Official Li Hsun said, "The Emperor has been so good to you. He's allowed you to be king and sent you many gifts. He wishes that the Master Fa Ts'an visit Wei, but you've lost your head over a foreigner? If I were you, I wouldn't do things that way. The Emperor has been very good to you. You really should let Master Fa Ts'an go."

"Never!" said Meng Hsun. "He's the most important person in my country and I can't let him go." On the one hand Meng Hsun feared the country of Wei but on the other hand he couldn't bear to part with Dharma Master Fa Ts'an.  More time passed, and Dharma Master Fa Ts'an, who had previously returned to India for a year, wanted to go back to India again. Meng Hsun became angry and did not want him to go anywhere at all.

Master Fa Ts'an wept when he left and said to everyone, "My karmic obstacles have found me, and they are such that the Buddhas and Bodhisattvas cannot rescue me. I wanted to teach the final portion of the Nirvana sutra, but now I have to stop," and he departed.

Meng Hsun was so angry that he sent a gang of assassins after him.  They killed him and recovered all of the valuable offerings Meng Hsun had given him. Fa Ts'an was just 49 years old when he died. After his death, Meng Hsun's attendants saw a ghost holding a sword standing at Meng Hsun's side every day. Not long afterwards in the fourth month of that year, Meng Hsun died.

Before Master Fa Ts'an died, Dharma Master Tao Chin had requested Master Fa Ts'an to transmit the Bodhisattva precepts to him. Master Fa Ts'an said, "Go and repent first." Tao Chin returned and bowed to the Buddha in repentance for seven days and seven nights. On the eighth day, he went to see Master Fa Ts'an again. This time, Master Fa Ts'an was really angry, and scolded him soundly. Tao Chin said, "My karmic obstacles must be too heavy and so the Master won't transmit the precepts to me." He returned, and for three years he cultivated Dhyana concentration and sought repentance. At the end of three years he had a dream in which he saw Sakyamuni Buddha and all the Bodhisattvas of the ten directions come to transmit the precepts to him.  He was not the only one who had this dream. Over ten people had the same dream.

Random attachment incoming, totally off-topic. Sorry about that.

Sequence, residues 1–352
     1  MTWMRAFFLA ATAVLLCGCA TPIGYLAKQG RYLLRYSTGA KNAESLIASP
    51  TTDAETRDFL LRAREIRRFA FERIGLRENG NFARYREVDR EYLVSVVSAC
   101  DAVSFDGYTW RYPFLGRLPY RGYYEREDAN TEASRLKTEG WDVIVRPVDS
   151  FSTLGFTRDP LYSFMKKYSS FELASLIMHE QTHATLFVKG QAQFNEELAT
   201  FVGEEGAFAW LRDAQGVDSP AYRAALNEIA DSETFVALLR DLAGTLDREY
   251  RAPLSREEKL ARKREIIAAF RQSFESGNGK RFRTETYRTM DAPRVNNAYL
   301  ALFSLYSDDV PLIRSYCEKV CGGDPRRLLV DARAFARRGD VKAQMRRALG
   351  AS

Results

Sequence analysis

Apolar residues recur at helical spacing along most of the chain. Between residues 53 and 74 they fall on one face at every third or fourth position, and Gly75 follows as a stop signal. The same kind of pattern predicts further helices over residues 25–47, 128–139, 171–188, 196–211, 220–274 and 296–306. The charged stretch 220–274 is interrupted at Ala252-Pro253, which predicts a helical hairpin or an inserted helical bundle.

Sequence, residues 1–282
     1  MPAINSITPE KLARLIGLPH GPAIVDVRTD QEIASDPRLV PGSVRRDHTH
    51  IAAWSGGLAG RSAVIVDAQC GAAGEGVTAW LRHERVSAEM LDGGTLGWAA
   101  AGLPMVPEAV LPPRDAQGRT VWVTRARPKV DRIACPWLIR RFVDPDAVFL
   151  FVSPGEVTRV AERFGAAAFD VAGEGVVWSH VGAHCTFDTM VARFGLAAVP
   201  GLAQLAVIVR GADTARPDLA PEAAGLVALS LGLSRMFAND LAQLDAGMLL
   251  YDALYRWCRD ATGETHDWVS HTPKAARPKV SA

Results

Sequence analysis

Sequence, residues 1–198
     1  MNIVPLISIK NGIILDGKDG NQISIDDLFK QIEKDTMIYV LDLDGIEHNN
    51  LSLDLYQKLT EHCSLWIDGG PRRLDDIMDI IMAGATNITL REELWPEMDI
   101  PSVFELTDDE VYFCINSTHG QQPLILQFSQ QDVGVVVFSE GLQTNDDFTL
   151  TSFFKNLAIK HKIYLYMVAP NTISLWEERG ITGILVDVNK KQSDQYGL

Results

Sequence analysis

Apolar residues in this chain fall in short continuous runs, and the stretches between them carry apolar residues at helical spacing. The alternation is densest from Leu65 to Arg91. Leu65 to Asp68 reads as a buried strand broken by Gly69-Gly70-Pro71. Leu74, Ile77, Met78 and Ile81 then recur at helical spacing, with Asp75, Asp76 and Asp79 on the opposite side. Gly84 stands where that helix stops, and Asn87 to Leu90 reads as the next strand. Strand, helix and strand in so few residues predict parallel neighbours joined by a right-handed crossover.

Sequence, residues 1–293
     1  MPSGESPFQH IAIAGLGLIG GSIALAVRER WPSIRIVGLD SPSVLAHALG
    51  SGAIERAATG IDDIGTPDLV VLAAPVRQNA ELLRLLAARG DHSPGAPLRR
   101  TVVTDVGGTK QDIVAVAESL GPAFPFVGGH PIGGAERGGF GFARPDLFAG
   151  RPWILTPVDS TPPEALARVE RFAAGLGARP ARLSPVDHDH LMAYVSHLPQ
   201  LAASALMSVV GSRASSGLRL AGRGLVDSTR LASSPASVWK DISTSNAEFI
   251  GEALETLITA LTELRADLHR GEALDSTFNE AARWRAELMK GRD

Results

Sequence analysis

He went to inform Master Fa Ts'an, and as he approached the Master, at a distance of perhaps thirty feet, Fa Ts'an stood up and shouted "Good indeed! Good indeed! You've already got the precepts! Although you have obtained them, I will certify them for you." They went before the Buddha images and Master Fa Ts'an transmitted the Bodhisattva precepts to Master Tao Chin.

On the very day Tao Chin had the dream, far off in Ch'ang An, the Western Capital, Master Tao Lang also had the same dream. Although Tao Lang was actually older than Tao Chin, he called Tao Chin his superior and took a lesser position to him. Everyone thought these affairs most extraordinary, and because of them, many people received the precepts from the Master Tao Chin. These are the general events in the life of Master Fa Ts'an.

1 Adapted from the Kao Seng Chuan, T. 2059, p.325c.

2 Dharmaksema (?) 385-433 (var.436.) The Taisho Tripitaka lists thirteen translations to his credit, the most important being that of the Mahaparinirvanasutra (T. 374). which formed the basis for the Nirvana School in China. See Kenneth Ch'en, Buddhism in China, Princeton University Press, Princeton, N.J. 1964, p.88.

3 See V.B.S. #23, p.1

4 See V.B.S. #24, p.1


The Sino-American Buddhist Association, Gold Mountain Dhyana Monastery, and the Vajra Bodhi Sea Publication Society will sponsor the Buddha's Birthday Celebration this year, and cordially invite all Buddhists to attend the anniversary of the birth of our original teacher, Sakyamuni Buddha. The holiday falls on Monday, April 29th this year and the major celebrations and ceremonies will take place on Sunday, April 28th.